Morbidity and mortality of the young calf represent a major cause of economic concern for producers [1]. The objective of the study was to evaluate the performance and immune status of calves reared in the presence or absence of quartz linear heating lamps (CD 3000) and fed calf milk replacer either by bucket or by teat. Mart-purchased Holstein/Friesian calves were approximately 21 days of age at arrival at the research centre. The calves were allocated randomly to one of the following four treatments (n = 16 calves per treatment) using a 2 × 2 factorial design; 1). Teat fed + quartz linear lamp (QLL) (2). Bucket fed + QLL; 3). Teat fed + no QLL and 4). Bucket fed + no QLL. For the 42-day experimental period, 8 groups of 8 calves were penned (2.4 × 10.0 m) on straw in a naturally ventilated Monopitch calf house. A quartz linear heating lamp (3 k output) was positioned in the centre of the individual sheds, 10 feet above the floor of the straw bedded pens for these on QLL treatments, and remained switched on for the duration of the study. The calves received an individual allowance of 25 kg of milk replacer powder offered warm (38°C) by bucket and had ad libitum access to a concentrate ration. Individual disease episodes were determined by the requirement to treat with antibiotics for either enteric disease or respiratory disease. Serum immunoglobulins (IgG1) were measured quantitatively by single radial immunodiffusion standard and calculated via an internal Ig standard (100 mg/L) on days 1, 14 and 28 of the study. Haematological parameters were measured on days 1, 14 and 42 of the study and included red blood cell number, haemoglobin, packed cell volume, mean cell volume and total white cell counts. The data were analysed using a model appropriate to factorial design, with terms for QLL and teat in the main plot. The average temperature and relative humidity of the shed compartments with and without the QLL heating lamps were recorded continuously and were 11.3°C and 81% and 10.5°C and 86%, respectively. There was no significant difference (P > 0.05) between treatments with respect to liveweight gain from day of arrival (day 1) to day 42 of the study. There was no significant interaction between QLL, no QLL, teat fed and bucket fed treatments with respect to serum IgG1 concentrations and haematological parameters throughout the study period (P > 0.05). The incidence of respiratory disease and enteric disease was similar across the treatment groups (P > 0.05). It is concluded that the rearing of calves indoors, in the presence of quartz linear heating lamps, and either fed calf milk replacer by teat or bucket had no beneficial effect on calf health and performance when compared with calves reared in a natural ventilated environment.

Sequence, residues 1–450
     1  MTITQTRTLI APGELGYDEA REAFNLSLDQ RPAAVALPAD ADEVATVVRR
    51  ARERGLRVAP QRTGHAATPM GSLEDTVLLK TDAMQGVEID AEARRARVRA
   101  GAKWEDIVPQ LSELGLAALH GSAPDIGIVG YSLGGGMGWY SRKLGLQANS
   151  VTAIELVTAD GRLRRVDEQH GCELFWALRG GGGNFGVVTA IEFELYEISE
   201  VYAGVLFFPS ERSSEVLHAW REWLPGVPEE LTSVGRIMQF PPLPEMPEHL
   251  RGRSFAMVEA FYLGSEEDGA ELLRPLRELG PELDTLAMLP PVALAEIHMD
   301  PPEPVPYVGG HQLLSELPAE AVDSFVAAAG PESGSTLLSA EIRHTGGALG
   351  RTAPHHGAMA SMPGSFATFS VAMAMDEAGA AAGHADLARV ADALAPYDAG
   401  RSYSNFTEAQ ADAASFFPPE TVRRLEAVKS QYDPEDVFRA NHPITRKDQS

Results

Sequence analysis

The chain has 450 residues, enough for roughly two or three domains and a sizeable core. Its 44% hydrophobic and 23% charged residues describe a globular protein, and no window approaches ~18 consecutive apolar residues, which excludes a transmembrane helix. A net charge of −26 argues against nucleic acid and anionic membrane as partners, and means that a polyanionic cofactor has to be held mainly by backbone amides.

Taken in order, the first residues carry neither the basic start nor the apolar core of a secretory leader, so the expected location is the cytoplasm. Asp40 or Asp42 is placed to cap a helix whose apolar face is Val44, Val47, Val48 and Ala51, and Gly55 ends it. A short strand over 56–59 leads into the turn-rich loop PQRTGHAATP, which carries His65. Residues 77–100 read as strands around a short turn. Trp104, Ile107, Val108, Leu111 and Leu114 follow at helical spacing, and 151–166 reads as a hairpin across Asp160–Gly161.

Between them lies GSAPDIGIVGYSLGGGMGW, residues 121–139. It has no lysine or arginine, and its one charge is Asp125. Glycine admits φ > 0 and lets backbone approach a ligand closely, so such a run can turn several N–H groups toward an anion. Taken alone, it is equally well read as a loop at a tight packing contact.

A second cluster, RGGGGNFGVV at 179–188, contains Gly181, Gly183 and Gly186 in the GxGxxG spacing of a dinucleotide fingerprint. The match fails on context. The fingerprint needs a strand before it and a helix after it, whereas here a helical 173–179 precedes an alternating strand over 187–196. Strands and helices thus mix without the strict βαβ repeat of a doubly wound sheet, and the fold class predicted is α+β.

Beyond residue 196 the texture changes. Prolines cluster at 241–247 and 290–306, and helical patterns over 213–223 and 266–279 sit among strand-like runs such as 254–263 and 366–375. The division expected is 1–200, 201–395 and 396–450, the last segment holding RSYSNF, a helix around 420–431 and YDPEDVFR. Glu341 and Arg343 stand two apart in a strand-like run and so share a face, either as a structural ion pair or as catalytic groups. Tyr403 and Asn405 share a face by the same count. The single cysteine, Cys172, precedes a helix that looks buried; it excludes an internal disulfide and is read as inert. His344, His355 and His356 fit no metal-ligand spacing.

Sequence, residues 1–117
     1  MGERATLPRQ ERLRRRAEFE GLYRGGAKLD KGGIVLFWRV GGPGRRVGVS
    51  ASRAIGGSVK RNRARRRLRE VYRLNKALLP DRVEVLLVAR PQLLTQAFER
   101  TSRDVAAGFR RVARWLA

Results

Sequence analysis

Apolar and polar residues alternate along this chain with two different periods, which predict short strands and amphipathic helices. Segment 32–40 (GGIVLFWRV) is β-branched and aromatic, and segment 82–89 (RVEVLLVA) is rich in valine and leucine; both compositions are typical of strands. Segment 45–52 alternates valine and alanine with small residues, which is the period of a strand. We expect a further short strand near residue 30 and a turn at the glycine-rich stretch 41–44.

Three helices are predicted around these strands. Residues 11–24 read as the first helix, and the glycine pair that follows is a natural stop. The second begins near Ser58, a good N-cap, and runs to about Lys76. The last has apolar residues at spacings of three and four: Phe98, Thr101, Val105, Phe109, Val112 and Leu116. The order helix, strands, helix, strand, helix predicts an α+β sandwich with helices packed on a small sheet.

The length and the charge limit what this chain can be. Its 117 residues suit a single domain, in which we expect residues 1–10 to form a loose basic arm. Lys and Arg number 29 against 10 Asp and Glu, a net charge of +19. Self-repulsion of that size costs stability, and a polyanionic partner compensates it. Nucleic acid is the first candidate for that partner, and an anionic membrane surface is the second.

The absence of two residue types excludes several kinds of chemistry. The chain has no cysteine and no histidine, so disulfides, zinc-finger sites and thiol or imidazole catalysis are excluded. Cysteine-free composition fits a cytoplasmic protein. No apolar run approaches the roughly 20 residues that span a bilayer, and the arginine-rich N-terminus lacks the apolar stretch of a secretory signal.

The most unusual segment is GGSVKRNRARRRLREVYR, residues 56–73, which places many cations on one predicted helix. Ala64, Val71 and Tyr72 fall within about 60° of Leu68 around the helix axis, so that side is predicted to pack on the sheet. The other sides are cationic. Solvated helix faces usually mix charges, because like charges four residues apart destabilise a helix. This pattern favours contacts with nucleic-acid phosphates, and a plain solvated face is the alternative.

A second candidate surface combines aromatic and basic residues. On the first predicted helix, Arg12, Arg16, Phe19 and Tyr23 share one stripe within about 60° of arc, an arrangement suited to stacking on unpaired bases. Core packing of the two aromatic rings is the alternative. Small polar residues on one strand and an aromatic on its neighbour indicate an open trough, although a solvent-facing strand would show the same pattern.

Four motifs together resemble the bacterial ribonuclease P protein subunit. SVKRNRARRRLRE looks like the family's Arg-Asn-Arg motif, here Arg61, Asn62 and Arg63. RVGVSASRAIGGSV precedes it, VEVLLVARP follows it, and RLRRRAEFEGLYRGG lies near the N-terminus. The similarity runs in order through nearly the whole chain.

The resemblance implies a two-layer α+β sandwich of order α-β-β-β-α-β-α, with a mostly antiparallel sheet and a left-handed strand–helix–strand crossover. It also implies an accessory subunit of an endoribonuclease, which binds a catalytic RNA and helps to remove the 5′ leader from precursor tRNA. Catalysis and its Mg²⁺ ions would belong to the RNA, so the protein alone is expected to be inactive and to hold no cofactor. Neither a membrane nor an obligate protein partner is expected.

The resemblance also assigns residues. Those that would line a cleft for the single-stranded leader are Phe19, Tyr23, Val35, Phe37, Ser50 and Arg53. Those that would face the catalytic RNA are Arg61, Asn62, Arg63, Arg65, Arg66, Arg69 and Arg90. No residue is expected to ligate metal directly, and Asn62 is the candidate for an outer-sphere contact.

• Insemination factors affecting the conception rate in seasonal calving Holstein-Friesian cows